Rob Frankel - Branding Expert

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The Idle Rich Go Broke on the Web.

A few months ago, I was sitting naked counting my Kruggerands, when I realized the time had come to re-evaluate the way I managed my vast financial empire. I kept wondering if the time had finally arrived when I could move my investment portfolio over to a more convenient, more efficient -- and of course, cheaper -- online operation. After all, I'm the digital guy who keeps hawking the virtues of online commerce.

It was as the chilled champagne was being served beside my hot tub that I noticed a commercial on the large screen television for an online brokerage. "Aha!" I exclaimed to my legion of pin-striped Yes Men. "Take notes!"

Sure enough, we noticed a bevy of television spots for online brokerages. We watched Schwab, Ameritrade, Suretrade and a couple of others. Each one promising safe, secure transactions with the click of a mouse. Later, as I climbed into my Bentley for a trip to the club, I listened to yet another brokerage house advertise its service on the radio.

My financially-secure brain went into overdrive: "This is it!" I clucked. "Whenever competition for online services spills over into mass media, it means the industry has matured to the point where it's safe to play!"

I immediately dispatched Murray, my Chief Brown Noser, on a mission: his job was to select the best online brokerage for the job. I wanted everything taken into consideration: price, reputation, services, research -- everything. And I wanted a decision by the next morning.

By breakfast, we decided on the cheapest: -- at seven bucks a trade!

The slaves had just finished clearing the table when I logged on to Wow. What a set-up. I filled out the forms. I clicked on the buttons. I entered my password. And in a moment, the message came back: my account was open!

I was now fully able to beat those blood-sucking brokers who leached their fortunes from my years of hard work and bone-crushing deals.

Or so I thought.

Turns out you have to print out the application from the web site. Then you have to fill it out and return it by snail mail. So much for immediate gratification. But Apple stock was at a low and MacExpo was still a month or more away, so I signed the papers and sent them off.


After two weeks, I still had no confirmation. Not by e-mail. Not by snail mail. So I figured I'd call their toll-free number to check things out. Unfortunately, there was no toll-free number, which meant that since I lived outside the 212 area code, this little investigation was going to cost me plenty of the stuff I was supposed to be saving.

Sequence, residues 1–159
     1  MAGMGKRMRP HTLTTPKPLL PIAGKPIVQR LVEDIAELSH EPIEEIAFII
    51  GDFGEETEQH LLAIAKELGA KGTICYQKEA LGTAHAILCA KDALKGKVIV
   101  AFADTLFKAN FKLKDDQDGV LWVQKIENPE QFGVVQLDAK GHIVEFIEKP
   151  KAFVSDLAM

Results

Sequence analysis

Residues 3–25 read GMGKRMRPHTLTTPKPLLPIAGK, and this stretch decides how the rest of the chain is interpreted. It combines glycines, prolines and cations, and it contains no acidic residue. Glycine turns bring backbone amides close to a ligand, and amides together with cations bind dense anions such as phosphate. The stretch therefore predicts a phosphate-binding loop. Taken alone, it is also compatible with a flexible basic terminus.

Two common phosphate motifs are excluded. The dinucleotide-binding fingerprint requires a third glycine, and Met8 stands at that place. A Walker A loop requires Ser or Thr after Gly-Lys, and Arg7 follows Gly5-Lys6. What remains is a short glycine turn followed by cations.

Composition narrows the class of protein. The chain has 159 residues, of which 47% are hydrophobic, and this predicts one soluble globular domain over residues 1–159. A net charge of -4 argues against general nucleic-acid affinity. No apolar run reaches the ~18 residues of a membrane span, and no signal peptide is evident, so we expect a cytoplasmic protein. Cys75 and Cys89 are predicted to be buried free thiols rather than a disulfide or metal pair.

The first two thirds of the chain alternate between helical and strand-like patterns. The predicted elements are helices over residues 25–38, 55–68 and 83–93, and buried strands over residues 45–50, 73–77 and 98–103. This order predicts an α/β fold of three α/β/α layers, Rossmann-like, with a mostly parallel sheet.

It being my executive assistant's state-mandated coffee break, I dialed the number myself, only to be greeted by a machine. The good news was that they played Elvis tunes while I waited. The bad news was that I had to sit through twenty-five minutes of Elvis before a customer service rep picked up the phone to tell me she had no record of my application and that "we've been getting a lot of complaints about stuff like this."

My money was growing impatient. Apple stock was about to jump. She suggested I re-apply via the internet. Which I did.

Still nothing, unless you count another snail mail application that arrived by Federal Express a day or so later. For good measure, I had my Vice President in charge of Filling Out Forms execute that action.

One week later: nothing.

At this point, I wrote to Finally, I got an answer. No, make that four answers. All saying the same thing. All sent from the same auto-responder. None of them having any idea of who I was or what I needed.

Meanwhile, MacExpo came and went. Apple stock indeed jumped five points. And I -- and my money -- sat out the entire game.

So what's the moral of the story? Well, there are two, actually. The first is that -- like I always tell you -- even multi-million dollar big boys make tons of stupid mistakes on the web that cost them zillions. Bad service, uninformed sales staff, phone calls that cost your customer time and money and badly-programmed auto-responders are sure-fire ways to kill your business, no matter how big or small you are..

The second moral? Oh. Never piss of a nationally-syndicated columnist whose articles are read by lots and lots of people.

Rob Frankel

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